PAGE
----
TIME feminism

Twitter, Vodafone, and Georgetown University All Commit to Gender Equality

Big companies like Twitter and Vodafone and major universities like Georgetown and Oxford have all pledged to take concrete steps towards gender equality as part of the final installment of UNWomen’s IMPACT 10x10x10 initiative, released Thursday. The initiative is part of the HeForShe movement unveiled by Emma Watson at the UN last fall, designed to encourage 10 CEOs, 10 University Presidents, and 10 world leaders to commit to advancing the cause of women’s equality.

Last month we listed 5 CEOs and 5 university presidents who are committing to HeForShe policies- here are the rest:

Adam Bain, president of Twitter, is committing to help HeForShe mobilize a third of all men to fight for gender equality. A major supporter of Girls Who Code, Twitter is aiming to reach 300 students a year to teach them crucial tech skills. Currently women make up only 10% of technical roles at Twitter and 30% of employees overall, but the company is committing to transparency as they aim towards gender parity.

Antony Jenkins, CEO of Barclays, is pledging to provide 2.5 million women around the world with tailored financial programming, which would expand access to credit, teach financial literacy skills, and help more women become business owners. Barclays also aims to increase the representation of women in senior leadership positions to 26% by 2018 and exceed 30% for women on boards by 2020.

Dominic Barton, managing director of McKinsey & Company, is aiming to increase the representation of women in consulting roles to 40% by 2020. Today, 30% of new hires are women– Barton wants women to make up 50% of undergraduate recruits by 2020. And the company will continue to invest in research that examines the link between gender diversity and profitability.

Jean Pascal Tricoire, CEO of Schneider Electric, has already developed a thorough process to ensure salary equity in Schneider’s France office, but he aims to expand that process to reach 85% of global employees by 2017. Tricoire is also committing to expanding female representation at every level in the company– he wants women to make up 40% of new hires, 33% of the management committee, and 35% of senior positions by 2017.

Vittorio Colao, CEO of Vodafone, has made a bold promise to educate refugee girls, providing online education to 3 million young refugees by 2020. Vodafone also pledges to make sure women hold 30% of middle and senior management positions.

And here are the newest University commitments:

John J. DeGioia, president of Georgetown University, pledges to advance gender equality through the research compiled by Georgetown’s Institute for Women, Peace & Security, which will soon unveil a new study on women’s political participation in ending conflict. Georgetown also recently implemented a new on-campus education program to help students and faculty identify harassment and sexual misconduct.

Andrew Hamilton, vice chancellor of Oxford University, has already committed to achieving 30% female representation among professors, up from 19% today. But as part of his HeForShe pledge, Oxford aims to have 30% of all university leadership positions occupied by women by 2020. Oxford is also doubling down on campus safety by expanding the ‘Good Lad’ workshops, which teach men from Oxford sports teams and social clubs about consent, peer pressure, and responsibility.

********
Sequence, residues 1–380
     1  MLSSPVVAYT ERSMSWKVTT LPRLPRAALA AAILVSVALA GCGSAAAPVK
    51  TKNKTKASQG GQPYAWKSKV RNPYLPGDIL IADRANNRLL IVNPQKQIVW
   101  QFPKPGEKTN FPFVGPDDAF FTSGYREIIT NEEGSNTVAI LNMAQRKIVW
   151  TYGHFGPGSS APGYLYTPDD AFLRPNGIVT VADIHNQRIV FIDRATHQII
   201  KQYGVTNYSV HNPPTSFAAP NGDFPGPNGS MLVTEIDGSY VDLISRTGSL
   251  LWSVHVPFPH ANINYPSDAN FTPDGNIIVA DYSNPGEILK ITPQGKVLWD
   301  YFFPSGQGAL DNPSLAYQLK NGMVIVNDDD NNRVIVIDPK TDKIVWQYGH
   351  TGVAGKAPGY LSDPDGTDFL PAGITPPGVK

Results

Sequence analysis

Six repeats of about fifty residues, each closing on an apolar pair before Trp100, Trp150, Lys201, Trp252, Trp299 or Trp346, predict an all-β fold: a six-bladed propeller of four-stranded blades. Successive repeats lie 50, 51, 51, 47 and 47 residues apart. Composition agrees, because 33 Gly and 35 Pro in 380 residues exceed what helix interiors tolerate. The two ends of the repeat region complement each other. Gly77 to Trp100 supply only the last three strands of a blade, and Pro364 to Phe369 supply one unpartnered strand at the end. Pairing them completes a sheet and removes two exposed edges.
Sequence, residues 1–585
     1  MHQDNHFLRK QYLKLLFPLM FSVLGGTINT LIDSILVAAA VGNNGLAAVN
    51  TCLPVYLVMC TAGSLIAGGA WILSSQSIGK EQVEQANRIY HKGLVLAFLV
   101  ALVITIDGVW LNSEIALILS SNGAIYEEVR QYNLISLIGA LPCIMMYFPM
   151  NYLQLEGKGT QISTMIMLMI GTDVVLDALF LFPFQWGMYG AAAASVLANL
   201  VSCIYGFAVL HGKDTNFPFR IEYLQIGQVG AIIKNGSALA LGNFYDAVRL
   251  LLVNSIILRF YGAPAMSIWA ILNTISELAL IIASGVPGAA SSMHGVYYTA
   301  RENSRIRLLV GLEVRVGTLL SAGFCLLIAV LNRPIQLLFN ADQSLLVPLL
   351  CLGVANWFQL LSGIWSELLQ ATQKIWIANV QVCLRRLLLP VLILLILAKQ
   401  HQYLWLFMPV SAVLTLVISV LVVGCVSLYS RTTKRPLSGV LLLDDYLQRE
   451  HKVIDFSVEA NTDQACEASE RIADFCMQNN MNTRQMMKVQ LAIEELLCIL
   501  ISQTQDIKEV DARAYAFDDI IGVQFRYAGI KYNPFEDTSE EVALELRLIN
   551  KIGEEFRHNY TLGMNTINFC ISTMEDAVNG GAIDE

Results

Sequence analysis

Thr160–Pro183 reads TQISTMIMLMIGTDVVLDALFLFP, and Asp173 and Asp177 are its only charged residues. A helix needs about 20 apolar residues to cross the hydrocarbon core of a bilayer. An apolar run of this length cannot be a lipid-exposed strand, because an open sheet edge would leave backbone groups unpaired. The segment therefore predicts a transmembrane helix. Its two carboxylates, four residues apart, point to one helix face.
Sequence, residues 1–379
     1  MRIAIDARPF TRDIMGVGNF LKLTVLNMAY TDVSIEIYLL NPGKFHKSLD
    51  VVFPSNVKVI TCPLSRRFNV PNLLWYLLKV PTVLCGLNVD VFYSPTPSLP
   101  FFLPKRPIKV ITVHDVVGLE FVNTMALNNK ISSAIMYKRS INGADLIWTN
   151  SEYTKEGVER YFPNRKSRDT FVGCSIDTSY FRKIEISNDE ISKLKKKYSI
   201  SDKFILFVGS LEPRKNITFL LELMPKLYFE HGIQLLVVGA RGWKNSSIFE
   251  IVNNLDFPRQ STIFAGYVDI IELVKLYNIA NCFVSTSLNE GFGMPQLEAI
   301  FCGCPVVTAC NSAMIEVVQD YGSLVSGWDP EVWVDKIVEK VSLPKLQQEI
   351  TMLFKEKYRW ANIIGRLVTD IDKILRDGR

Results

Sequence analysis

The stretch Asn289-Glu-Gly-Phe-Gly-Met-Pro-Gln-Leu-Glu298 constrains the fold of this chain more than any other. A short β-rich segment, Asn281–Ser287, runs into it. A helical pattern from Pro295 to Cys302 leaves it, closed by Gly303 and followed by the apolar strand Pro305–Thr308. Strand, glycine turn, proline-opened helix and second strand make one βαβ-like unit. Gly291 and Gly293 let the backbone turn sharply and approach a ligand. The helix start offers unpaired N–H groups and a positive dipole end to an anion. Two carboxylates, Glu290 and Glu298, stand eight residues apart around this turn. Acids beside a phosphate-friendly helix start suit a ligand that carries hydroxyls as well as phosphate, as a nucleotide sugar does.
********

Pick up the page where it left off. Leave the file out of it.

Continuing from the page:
Dr. Marco Antonio Zago, president of the University of São Paulo, wants the University to be a leader in addressing violence against women– that’s why he’s implementing a zero-tolerance policy for on-campus violence, and partnering with the University of Buenos Aires and the Autonomous University of Mexico for a joint campaign to re-orient their collective 850,000 students towards healthy gender norms. The University is also establishing an Interdisciplinary Research Program to study how to make cities safer for women.

Frédéric Mion, president of Sciences Po, promises to achieve 40% representation of both genders across all senior leadership positions by 2020, as well as launching new programs that empower men to embrace their responsibilities as husbands and fathers. Mion is also expanding the legally-mandated maternity interviews which help new parents balance work and parenting to all parents (not just mothers,) aims to have 90% of eligible men take paternity leave by 2017.

Samuel L. Stanley, Jr., president of Stony Brook University, aims to close the gender gap in graduation rates– currently, women graduate at a rate 15% higher than their male counterparts, yet over 56% of incoming freshmen are men. The university also aims to increase representation of women in each freshman class by 6%. And through their Center for the Study of Men and Masculinities, Stony Brook University plans to make HeForShe a mainstream initiative across the SUNY network, which could reach almost half a million students.

Read more: These 8 World Leaders Are Taking Major Steps Towards Gender Equality

 

 

 

 

TIME Money

What Happened When the U.S. Decided to Put a Woman on Currency in 1978

Portrait Of Susan B. Anthony
GraphicaArtis / Getty Images Profile portrait identified as Susan B Anthony in her 30s by SouthworthHawes (Albert Sands Southworth 1811-1894 and Josiah Johnson Hawes 1808-1901, American) (from a daguerreotype in the Metropolitan Museum of Art, New York), c 1850.